OKLAHOMA CITY -- The murder-for-hire trial against Oklahoma's 'tiger king' Joseph Maldonado Passage, best known as 'Joe Exotic', resumed Tuesday with the alleged intended target testifying on the stand.
Maldonado-Passage, former owner of the Greater Wynnewood Animal Park, was indicted in September 2018 on two counts of hiring a person to commit murder. The former gubernatorial candidate and 2016 presidential hopeful is also facing 19 counts of wildlife charges, including violation of the Endangered Species Act.
Federal prosecutors allege Maldonado-Passage of hiring a person in November 2017 to murder "Jane Doe", who has since been identified as Carole Baskin, in Florida. In a second count, the indictment alleges that beginning in July 2016, Maldonado-Passage repeatedly asked a different unnamed person to find someone to commit the murder in exchange for money.
Baskin is the CEO of the Big Cat Rescue, an animal rescue based in Tampa, Florida. She claims Maldonado-Passage had been threatening her for years.
"I felt like my life was in danger," Baskin testified on the stand Tuesday.
In court, videos posted online by Maldonado-Passage in years' past were brought into question. This includes one where a doll, allegedly dressed to depict Baskin, was shot by Maldonado-Passage.
He is heard in the video asking, "You want to know why Carole Baskin better never ever, ever see me face to face?"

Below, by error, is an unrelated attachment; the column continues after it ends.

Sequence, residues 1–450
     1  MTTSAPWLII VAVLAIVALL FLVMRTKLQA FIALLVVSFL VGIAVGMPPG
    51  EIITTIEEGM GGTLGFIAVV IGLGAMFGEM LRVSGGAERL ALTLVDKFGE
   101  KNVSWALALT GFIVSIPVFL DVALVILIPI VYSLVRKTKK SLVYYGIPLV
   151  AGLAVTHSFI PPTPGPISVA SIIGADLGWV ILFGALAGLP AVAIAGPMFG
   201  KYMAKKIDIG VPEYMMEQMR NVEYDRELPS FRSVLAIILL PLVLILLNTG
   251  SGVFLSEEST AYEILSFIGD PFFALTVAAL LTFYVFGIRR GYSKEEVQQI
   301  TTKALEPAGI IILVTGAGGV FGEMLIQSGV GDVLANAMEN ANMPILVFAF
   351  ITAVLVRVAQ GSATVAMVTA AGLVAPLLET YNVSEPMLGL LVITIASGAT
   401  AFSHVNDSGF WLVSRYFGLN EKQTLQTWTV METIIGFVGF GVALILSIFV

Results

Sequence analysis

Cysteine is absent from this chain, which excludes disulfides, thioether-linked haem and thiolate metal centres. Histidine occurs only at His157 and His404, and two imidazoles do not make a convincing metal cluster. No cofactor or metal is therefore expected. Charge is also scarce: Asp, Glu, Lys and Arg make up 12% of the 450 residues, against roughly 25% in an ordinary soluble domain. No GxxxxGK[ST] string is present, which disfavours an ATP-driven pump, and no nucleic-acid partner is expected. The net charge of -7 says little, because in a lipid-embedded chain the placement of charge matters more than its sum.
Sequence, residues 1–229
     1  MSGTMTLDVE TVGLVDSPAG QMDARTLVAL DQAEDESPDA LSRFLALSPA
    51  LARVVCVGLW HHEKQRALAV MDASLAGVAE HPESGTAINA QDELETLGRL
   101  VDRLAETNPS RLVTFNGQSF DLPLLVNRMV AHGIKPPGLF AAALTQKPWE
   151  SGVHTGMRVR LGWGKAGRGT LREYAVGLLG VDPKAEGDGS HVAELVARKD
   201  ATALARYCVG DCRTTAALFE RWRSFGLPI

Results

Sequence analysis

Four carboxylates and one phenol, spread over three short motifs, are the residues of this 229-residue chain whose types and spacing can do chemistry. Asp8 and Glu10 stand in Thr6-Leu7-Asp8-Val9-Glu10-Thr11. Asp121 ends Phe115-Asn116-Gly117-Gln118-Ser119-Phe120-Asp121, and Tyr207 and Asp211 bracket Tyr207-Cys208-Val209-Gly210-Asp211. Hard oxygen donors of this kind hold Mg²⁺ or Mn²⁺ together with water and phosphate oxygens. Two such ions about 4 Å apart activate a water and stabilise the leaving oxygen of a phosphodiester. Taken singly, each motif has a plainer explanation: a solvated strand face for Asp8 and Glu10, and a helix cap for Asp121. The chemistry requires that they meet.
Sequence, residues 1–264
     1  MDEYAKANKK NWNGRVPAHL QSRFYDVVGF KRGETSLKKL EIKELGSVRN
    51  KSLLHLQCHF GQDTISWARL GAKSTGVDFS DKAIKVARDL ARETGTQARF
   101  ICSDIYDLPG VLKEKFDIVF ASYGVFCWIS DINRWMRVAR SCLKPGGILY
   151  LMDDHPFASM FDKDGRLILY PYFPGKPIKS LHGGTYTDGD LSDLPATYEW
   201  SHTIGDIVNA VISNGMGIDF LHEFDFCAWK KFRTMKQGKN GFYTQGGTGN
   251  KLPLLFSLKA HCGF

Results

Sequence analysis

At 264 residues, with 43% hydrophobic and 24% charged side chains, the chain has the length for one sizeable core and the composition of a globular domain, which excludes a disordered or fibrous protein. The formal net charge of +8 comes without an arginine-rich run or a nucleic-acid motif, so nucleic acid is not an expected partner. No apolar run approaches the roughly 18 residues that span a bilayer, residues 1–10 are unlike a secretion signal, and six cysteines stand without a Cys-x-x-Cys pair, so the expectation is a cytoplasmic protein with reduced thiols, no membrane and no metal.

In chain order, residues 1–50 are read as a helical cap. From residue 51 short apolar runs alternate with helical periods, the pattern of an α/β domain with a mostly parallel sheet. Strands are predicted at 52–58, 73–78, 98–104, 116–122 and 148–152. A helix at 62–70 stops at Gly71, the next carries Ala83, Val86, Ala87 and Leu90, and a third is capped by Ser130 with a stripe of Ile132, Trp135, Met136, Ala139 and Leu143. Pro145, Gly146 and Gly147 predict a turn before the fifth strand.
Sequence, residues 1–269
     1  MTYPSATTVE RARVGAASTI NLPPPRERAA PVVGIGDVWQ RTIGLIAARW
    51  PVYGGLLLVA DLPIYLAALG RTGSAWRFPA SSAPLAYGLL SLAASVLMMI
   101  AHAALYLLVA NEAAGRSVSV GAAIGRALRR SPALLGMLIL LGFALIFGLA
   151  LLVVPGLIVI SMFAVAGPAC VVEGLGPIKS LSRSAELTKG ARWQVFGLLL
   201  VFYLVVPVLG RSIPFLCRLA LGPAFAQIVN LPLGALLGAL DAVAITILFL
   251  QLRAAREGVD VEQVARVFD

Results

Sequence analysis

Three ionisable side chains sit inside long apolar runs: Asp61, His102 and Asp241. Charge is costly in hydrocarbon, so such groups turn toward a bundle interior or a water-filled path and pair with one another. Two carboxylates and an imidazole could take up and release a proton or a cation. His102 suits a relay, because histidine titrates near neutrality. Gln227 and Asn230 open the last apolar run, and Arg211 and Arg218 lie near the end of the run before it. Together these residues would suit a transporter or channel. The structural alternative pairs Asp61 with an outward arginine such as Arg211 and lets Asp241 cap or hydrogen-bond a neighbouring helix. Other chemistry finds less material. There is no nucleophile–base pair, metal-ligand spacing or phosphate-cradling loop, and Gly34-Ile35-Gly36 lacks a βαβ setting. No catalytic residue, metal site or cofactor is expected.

Baskin sued Maldonado-Passage in 2011 for copyright infringement and a 2013 judgement was ruled in her favor, ordering Maldonaldo-Passage to pay her $1 million dollars. She testified Tuesday the videos demonstrated in court were only a "small sample" of the ones she is aware of, adding the threats continued from 2013 through 2017.
During cross examination, the defense questioned whether Baskin was ever physically assaulted by Maldonado-Passage or anyone on his behalf. To which, she answered no.
"He never got the opportunity," she said.
According to Baskin, she tried to get a restraining order against Maldonado-Passage and began carrying a gun.
On Monday, seven witnesses testified on behalf of the government in federal court during the first day of trial which had a heavy focus on alleged tiger killings at the Garvin County park. Among the witnesses were former employees and acquaintances.
The trial is expected to last for more than a week.